The current Republican Party is based upon a tribal appeal to the "white vote" as the only true Americans as they seek to have the white voter identify with them. When we Democrats talk about the national "white voter" as a single identity group, we are cooperating with a Republican meme. Starting with Republican apologists like Micheal Barone, Republicans have succeeded in planting this mode of analysis into the media. Additionally, a great deal of the certitude and morale of Republicans comes from being the largest part of the largest group in America.
It is time to stop cooperating with this Republican meme, which encourages Republicans and puts Democrats at a disadvantage in the Midwest.
The recent Pew Poll is a robust poll of 3,151 voters. This allows meaningful crosstabs on a variety of issues, which Pew thankfully makes generally available.
Earlier this year, Larry Bartels addressed the continuing fascination with the "decline" of the Democratic Party among the white working class. In “The Party of the American Working Man and Woman” he wrote:
(3) Overall, there has been no discernible trend in presidential voting behavior among the “working white working class.”With that in mind, let's look at the Pew data on the "white vote." Among likely white voters (2107), Obama does lose 39-54%. But what happens if we look at it regionally? The first thing that leaps out, is that white southerners are 35% of the white vote. And among southern whites, Obama does get creamed: only 27% support him. As a white southerner myself, I can confirm across broad regions of the South, support for Democrats has collapsed. That 27% is comparable to the support for Obama in Utah, or the support for Romney in the Hispanic community. Sure there are islands of support for Dems among whites, such as NOVA, various communities with universities, such as Austin or the triangle area of NC, just as Republicans have areas of Hispanic support, such as among Cubans or in Texas. But broadly just as there has been a group identification among Hispanics with Democrats, there has been a similar ID with group pressure among white southerners (which political scientists might refer to as "tribal").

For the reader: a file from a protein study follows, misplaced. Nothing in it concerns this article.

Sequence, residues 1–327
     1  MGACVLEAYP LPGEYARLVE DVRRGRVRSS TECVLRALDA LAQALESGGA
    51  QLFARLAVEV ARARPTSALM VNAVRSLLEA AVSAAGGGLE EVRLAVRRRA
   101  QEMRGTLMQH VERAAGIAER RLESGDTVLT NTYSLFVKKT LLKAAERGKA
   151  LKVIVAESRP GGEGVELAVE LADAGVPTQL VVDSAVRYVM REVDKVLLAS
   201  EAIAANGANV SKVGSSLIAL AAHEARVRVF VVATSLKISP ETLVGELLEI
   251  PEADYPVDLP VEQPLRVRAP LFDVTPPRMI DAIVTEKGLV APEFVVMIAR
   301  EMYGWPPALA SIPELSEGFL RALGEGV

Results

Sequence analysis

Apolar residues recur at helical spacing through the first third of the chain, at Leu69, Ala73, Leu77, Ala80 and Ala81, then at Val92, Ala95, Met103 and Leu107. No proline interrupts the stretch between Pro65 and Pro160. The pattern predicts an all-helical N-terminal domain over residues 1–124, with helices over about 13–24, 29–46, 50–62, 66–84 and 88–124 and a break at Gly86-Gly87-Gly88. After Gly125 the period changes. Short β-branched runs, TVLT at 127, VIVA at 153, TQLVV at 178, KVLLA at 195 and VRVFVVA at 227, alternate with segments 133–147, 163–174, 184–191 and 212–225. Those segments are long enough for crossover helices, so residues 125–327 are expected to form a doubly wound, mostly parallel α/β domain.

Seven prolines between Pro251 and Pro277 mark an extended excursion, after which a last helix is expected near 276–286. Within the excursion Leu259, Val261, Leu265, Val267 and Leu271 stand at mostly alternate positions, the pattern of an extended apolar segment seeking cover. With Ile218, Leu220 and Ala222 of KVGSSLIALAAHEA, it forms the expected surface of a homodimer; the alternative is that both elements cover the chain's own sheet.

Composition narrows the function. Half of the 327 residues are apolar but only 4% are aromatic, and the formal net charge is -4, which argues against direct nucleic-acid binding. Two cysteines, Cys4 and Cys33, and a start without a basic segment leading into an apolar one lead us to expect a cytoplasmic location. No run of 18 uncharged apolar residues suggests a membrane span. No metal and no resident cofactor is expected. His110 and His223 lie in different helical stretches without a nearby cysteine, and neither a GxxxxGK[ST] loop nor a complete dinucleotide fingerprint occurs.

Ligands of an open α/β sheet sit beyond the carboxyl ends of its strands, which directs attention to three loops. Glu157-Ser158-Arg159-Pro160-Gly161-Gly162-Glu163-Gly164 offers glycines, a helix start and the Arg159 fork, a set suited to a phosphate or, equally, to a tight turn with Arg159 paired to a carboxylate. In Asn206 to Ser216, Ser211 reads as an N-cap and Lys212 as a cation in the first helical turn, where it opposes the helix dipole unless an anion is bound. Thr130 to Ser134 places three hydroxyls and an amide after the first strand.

(4) While southern working whites without college degrees have become more Republican in their presidential voting behavior (by 4.5% per decade), non-southern working whites without college degrees have become more Democratic (by 1.6% per decade).
So what happens if you take southerners out of the mix. Obama's support among likely voters varies from 42-51 % among the other 3 regions and Romney's varies from 41-51 with Obama having 22 fewer net votes out of 1370, a difference of 1.6%. Since Obama has a higher lead among RV's it's likely he is tied among all non-southern white voters.
Looked at this way, Democrats have their lead among several minorities, Hispanics, blacks, and Asians, and Republicans have their lead among one minority - white southerners - amounting to 27% of the LV population.
A final note: there are a lot of ways to slice and dice the "white vote" from the standpoint of voter analysis. Others likely have more explanatory power of how Democrats win and lose elections. See Tom Edsall's article in the NYTimes: White Working Chaos for a start to exploring the subject. But to counter the Republican meme of a threatened group of whites who are defending "real Americans" against the others, the southern/non-southern dichotomy is the broadest and most inclusive way of changing the frame.
PS for gauging Democratic prospects in states like VA and FL, the national white vote is probably a useful metric, since the white vote in those states probably reflect a blend of the southern outlook and the rest of the country.